Restaurants in Italy
Restaurants in Italy are the best in the world because Italian life revolves around meals—a quick breakfast, a long lunch, an espresso break, and aperitivo drinks that blend into an all-night dinner. You will not go hungry in Italy, and more importantly you will be enchanted by every new culinary delight that you try, so say, “si, per favore” to everything! From a delicious meal of Tuscan peasant fare to some of the finest dining in the world, Italy restaurants will suit all your tastes. Restaurants in Italy not only serve mouthwatering food, but many world-class bottles of wine and famous local cocktails, so be sure to consult the sommelier for recommendations. Check out the Travel + Leisure list below to find the best restaurants in Italy.
If you're missing a good mug of beer in Rome, head to Bir e Fud in Trastevere. The pub is nestled down a narrow cobbled street; the patio space gives way to an orange and terracotta vaulted barroom and dining room.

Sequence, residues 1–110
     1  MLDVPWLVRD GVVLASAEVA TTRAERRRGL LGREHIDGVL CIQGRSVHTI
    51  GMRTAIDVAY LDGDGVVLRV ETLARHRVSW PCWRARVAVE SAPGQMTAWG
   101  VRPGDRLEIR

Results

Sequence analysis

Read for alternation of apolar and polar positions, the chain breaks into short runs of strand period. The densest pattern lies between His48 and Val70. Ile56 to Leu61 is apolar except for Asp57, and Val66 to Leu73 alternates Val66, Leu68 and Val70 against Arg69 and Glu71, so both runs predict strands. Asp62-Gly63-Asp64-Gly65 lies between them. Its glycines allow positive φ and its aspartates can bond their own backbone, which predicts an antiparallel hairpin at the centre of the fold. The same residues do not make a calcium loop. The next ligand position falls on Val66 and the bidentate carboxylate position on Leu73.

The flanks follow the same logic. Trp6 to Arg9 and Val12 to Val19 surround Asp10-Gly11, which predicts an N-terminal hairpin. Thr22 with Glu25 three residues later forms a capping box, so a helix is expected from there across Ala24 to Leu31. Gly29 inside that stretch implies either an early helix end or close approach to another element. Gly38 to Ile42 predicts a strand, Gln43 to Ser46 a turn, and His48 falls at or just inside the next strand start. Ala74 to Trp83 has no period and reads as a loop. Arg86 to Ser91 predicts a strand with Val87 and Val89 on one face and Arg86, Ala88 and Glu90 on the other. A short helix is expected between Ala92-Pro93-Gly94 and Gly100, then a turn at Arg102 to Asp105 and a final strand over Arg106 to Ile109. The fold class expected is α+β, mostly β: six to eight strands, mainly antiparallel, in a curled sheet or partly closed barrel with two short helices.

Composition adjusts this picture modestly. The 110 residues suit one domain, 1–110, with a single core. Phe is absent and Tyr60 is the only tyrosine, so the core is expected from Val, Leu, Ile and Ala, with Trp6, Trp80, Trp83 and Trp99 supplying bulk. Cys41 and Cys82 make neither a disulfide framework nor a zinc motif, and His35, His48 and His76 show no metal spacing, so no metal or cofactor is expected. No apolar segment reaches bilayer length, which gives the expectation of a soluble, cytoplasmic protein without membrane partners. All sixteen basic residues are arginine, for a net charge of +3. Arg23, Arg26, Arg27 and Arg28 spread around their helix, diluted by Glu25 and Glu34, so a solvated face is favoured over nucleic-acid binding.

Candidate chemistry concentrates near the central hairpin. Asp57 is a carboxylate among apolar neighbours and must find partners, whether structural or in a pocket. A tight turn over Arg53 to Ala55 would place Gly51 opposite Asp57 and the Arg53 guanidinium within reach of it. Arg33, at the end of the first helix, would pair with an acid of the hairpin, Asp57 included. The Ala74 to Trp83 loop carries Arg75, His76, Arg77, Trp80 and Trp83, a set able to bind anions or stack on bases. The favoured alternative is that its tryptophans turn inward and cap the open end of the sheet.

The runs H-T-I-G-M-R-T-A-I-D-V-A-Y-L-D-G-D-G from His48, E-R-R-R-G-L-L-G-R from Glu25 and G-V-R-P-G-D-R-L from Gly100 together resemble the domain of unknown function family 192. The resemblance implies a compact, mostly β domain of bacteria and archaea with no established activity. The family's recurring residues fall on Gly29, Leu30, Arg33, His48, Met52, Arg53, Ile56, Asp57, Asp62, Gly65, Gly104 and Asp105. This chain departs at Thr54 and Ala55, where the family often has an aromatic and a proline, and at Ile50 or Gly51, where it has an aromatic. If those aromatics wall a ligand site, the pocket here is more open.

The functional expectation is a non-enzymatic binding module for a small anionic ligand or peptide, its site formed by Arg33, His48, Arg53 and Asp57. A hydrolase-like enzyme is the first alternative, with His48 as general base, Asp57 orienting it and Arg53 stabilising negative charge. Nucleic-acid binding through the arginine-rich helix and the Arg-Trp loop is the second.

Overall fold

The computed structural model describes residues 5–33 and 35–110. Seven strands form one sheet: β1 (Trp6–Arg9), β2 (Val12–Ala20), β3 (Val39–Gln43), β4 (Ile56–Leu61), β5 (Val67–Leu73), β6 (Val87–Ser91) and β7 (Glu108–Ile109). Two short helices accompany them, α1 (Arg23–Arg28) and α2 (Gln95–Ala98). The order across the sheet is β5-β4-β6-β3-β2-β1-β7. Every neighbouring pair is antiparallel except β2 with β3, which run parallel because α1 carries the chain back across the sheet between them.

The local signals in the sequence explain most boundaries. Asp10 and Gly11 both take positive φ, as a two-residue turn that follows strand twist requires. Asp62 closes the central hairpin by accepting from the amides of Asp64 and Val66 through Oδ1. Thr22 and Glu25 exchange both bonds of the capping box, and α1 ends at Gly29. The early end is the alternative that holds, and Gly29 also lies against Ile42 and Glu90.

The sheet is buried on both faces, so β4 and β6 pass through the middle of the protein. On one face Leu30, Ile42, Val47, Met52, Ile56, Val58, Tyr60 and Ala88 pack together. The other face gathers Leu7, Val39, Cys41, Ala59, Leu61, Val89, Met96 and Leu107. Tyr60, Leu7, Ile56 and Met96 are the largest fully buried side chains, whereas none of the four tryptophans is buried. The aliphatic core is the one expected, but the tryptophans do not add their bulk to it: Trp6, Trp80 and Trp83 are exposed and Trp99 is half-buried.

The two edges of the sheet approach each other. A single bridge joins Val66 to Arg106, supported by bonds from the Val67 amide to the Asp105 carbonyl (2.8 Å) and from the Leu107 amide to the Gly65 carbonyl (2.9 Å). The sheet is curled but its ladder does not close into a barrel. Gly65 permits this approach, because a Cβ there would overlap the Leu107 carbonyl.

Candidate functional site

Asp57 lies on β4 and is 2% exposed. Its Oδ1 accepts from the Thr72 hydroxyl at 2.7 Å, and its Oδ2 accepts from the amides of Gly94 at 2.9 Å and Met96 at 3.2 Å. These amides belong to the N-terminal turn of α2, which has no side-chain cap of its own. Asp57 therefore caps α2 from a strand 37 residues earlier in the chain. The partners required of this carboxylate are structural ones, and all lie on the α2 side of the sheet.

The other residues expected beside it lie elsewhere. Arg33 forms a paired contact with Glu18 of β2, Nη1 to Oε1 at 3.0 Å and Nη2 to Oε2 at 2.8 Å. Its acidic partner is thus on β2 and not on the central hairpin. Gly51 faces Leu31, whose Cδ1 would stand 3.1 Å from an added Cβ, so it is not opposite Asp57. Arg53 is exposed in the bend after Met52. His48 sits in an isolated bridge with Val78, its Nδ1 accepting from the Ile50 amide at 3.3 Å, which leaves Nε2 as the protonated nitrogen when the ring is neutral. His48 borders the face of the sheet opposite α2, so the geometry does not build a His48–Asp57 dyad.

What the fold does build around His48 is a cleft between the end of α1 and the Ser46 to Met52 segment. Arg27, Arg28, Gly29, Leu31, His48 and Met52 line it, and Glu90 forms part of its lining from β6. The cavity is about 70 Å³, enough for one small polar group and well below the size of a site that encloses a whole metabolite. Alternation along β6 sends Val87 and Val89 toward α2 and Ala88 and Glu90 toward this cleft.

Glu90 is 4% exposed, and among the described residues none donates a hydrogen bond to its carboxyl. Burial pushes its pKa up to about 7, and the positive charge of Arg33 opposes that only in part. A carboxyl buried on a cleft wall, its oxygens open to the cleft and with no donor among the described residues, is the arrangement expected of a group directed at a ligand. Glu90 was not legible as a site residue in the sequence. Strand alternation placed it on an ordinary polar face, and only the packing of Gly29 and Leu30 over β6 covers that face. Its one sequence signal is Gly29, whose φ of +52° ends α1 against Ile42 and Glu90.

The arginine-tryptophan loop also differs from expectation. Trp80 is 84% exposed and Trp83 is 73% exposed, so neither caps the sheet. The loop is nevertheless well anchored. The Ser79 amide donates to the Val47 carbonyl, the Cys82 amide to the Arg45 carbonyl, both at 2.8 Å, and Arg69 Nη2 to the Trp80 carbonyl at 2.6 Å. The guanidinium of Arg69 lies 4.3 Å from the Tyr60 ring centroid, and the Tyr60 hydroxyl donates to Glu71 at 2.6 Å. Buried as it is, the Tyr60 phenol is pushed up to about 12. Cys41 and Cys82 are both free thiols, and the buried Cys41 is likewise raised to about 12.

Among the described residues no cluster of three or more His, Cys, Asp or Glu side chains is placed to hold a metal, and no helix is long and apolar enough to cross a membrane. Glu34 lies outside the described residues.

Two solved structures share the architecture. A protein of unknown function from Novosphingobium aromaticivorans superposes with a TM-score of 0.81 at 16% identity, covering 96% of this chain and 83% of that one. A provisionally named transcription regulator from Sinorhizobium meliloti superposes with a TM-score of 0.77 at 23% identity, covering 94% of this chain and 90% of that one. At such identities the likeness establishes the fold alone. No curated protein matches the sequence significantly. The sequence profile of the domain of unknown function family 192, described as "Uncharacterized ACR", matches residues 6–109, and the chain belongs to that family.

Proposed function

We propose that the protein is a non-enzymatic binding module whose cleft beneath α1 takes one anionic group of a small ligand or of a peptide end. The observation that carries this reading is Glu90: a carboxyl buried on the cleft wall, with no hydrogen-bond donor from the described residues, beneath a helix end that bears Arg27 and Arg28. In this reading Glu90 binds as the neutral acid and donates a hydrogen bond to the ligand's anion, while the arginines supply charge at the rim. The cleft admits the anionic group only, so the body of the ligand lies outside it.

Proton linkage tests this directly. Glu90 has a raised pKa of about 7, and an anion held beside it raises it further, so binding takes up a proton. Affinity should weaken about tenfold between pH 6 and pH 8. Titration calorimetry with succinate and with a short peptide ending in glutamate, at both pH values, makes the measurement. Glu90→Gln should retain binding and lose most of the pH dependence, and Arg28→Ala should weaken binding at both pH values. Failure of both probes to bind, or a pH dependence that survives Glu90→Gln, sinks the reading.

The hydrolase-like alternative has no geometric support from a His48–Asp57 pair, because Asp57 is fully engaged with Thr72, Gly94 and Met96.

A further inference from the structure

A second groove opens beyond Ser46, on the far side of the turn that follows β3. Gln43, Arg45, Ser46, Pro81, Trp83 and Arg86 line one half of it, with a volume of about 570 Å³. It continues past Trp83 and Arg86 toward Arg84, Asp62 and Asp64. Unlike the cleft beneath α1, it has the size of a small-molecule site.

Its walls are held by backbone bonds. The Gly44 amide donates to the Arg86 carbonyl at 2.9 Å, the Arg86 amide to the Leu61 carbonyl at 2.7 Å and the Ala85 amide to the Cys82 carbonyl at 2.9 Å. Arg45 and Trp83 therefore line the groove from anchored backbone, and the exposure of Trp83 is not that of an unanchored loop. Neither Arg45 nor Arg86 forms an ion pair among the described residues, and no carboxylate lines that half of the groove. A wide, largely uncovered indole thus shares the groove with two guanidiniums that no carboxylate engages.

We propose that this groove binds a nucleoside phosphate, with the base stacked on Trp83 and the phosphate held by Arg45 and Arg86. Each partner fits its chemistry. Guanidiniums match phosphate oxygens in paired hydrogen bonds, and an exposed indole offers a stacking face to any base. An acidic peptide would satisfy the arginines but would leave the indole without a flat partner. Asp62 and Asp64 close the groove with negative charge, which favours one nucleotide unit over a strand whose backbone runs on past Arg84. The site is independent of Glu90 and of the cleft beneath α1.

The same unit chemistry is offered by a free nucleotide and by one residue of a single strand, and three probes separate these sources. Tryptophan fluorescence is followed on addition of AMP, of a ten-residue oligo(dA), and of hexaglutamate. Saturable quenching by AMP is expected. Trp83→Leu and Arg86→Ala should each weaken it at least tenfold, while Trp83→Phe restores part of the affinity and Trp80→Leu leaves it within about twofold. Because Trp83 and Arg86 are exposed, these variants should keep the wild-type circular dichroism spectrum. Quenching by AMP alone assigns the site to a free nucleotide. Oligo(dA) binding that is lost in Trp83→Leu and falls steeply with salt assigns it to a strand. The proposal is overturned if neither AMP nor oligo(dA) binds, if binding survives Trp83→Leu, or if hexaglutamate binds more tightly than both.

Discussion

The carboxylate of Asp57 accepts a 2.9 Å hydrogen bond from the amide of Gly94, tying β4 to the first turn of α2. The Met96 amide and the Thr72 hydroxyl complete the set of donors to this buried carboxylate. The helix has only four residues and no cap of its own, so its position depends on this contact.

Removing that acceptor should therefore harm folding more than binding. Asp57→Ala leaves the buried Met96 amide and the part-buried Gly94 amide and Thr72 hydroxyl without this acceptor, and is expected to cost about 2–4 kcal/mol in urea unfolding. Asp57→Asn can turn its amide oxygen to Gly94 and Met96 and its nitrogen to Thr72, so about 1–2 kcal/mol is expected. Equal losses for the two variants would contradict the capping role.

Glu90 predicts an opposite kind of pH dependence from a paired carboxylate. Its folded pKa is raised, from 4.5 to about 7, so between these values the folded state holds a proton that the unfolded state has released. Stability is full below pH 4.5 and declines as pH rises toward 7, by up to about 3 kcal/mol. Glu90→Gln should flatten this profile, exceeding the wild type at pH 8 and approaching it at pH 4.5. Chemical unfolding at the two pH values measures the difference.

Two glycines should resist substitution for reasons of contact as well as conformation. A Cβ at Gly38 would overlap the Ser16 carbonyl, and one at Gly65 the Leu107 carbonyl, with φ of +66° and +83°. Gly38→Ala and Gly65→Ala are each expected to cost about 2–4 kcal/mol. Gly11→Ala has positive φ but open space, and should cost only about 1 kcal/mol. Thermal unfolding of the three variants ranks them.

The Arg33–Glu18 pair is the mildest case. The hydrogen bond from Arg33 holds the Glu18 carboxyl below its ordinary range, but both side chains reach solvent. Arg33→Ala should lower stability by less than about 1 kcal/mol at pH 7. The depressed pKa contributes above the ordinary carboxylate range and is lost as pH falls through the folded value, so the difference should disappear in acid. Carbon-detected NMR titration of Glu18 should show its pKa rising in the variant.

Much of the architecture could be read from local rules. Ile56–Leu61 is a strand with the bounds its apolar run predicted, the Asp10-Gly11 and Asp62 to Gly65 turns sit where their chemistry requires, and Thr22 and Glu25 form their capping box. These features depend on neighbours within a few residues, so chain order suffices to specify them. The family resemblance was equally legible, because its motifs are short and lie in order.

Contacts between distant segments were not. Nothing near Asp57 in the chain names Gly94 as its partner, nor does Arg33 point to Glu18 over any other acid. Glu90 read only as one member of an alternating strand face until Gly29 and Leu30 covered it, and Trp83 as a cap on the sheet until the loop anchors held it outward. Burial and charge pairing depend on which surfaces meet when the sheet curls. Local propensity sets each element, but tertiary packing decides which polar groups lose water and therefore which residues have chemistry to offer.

For a romantic night on the town, La Madia Restaurant creates the perfect meal: chef Pino Cuttaia's merluzzo, pine-smoked cod with a hint of orange peel.
Although the entrance to this 140-year-old trattoria in the Amalfi Coast is off a narrow backstreet, the floral, outdoor terrace on the second floor overlooks the busy Via Lorenzo and holds the most ambiance in the otherwise modestly decorated restaurant.
Formal and wood-paneled in the manner of Italy’s grand old coffee bars, and equipped with Wi-Fi in the style of the new, this is a standout in a city of excellent but fairly identical cafés.
With exposed brick arches, white-washed stucco walls, and a polished wood floor, Risto Nobel has an ambience that's nce enough for a date night, but casual enough for dinner with friends.
Don’t be put off by the touristy effects (English menu; serenading guitar player). Try the tomato-filled ravioli in fish sauce, or the zucchini flowers stuffed with ricotta. But be warned: portions are nouvelle (i.e., small).
Frustrated with their city’s banal offerings, Rome’s food critics often head out of town. Their grail? This cult osteria, some 20 miles south of the city, presided over by the larger-than-life Anna Dente.
Lunch on veal cutllets at this spot, located next door to the Castelvecchio Museum.